Blazers' Damian Lillard: Hard to beat Lakers when they live at free throw line

At halftime of Saturday's 116-108 playoff loss to the Los Angeles Lakers, the Portland Trail Blazers held a four-point lead. But when it came to free throw attempts, the Trail Blazers were actually in a steep hole against the top-seeded team in the Western Conference, trailing the Lakers 31-8.

"As far as the free throw differential, particularly at halftime, I don't know if I've ever been in a game where it was that big," Portland coach Terry Stotts said after the loss, which put his eighth-seeded squad down 2-1 in the first-round series, with Game 4 slated for Monday. "And certainly it had an impact on the first half, when I think the differential was 23. That had an impact on the game."

That deficit remained wide throughout the game. In fact, the Lakers shot 24 more free throws than the Trail Blazers, marking their widest disparity in attempts at the line in a postseason game since a 2008 playoff game in which they shot 27 more free throws than the Utah Jazz, according to ESPN Stats & Information.

Ultimately, the Lakers shot 28-of-43 from the free throw line, and Portland shot 18-of-19. The Lakers won despite missing 15 free throws, the most misses by any team in a playoff win since 2015, according to ESPN Stats & Info.

"The discrepancy in free throws is something that's out of our control," said Trail Blazers star point guard Damian Lillard. "Last game, we came out, [and] they played a really physical game. They played a really aggressive game. That led to a blowout victory for them.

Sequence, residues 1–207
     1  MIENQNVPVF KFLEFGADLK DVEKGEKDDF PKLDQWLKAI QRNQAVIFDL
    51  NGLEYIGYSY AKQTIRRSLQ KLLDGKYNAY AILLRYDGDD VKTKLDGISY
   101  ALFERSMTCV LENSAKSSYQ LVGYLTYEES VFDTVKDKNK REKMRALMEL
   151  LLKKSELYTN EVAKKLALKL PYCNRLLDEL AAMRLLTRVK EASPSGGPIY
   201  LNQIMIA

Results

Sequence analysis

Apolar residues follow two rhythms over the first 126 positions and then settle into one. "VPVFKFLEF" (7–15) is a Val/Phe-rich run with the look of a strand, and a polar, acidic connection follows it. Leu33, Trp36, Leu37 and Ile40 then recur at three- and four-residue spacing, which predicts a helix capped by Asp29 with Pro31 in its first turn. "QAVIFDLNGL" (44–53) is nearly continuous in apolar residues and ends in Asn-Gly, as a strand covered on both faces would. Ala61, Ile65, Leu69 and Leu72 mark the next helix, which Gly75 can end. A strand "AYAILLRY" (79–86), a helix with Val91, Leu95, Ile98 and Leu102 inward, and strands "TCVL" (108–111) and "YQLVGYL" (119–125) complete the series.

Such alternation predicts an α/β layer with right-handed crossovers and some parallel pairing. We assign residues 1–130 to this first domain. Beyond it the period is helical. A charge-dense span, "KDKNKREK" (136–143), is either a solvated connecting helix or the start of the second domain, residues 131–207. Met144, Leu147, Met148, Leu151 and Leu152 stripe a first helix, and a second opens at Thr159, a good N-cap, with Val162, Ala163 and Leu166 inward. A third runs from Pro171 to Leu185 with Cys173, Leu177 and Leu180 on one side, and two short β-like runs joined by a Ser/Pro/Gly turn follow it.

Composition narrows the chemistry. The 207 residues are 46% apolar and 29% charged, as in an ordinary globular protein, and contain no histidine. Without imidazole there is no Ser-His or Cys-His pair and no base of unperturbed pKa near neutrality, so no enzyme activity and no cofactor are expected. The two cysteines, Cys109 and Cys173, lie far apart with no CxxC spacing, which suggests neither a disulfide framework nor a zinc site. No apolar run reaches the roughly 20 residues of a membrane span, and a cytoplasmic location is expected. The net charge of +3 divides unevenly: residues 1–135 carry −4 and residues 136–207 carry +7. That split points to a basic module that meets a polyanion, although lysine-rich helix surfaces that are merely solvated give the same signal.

"Tonight, we came in saying we weren't going to get bullied and let them out-physical and out-aggressiveness us, and maybe sometimes we did foul, but they're a physical team as well. When a team is living at the free throw line like they did tonight as a team, it's going to be hard to win a game against a team that's as good as they are."

Lillard played his first game since dislocating his left index finger in Thursday's Game 2 loss. He finished with a team-high 34 points on 8-of-20 shooting, including 5-of-11 from the 3-point line. He tallied seven assists and five rebounds.

"Obviously, I dislocated it, so it's going to have some effect on ballhandling," Lillard said of his finger. "Tonight, the biggest thing I felt was just going up to shoot, when I was gathering the ball, I was uncomfortable. Sometimes I would subconsciously try to ease up on it, so I would lose the ball a little bit. When I was making moves, in the middle of my dribble, I would ease up on it because I would feel the pain, and I would lose the ball a little bit. It kind of stopped me in my tracks. I did as much treatment as I could, and I tried to just ignore it. But once you decide to step out there, it is what it is."

Despite being in a 2-1 series hole, Lillard said he isn't discouraged.

"I've been in worse situations in a series," he said. "We've got to get the next game. We get the next one, and it's a tied series. That's perfectly fine with me."

Trail Blazers forward Carmelo Anthony, who scored 20 points, including 13 in the third quarter, echoed Lillard's point.

"Oh, we're good," Anthony said. "I think we're good. It's only 2-1. We have a series. We've got to make some adjustments. Game 4, we know the implications on what that means. ... We're sitting in a good situation. We're not concerned. We know what we have to do.

"We'll be ready [for] Game 4. I thought we were ready tonight. [Anthony Davis] got it going, LeBron [James] got it going. They made their adjustments, and we've just got to make ours and get ready for Game 4."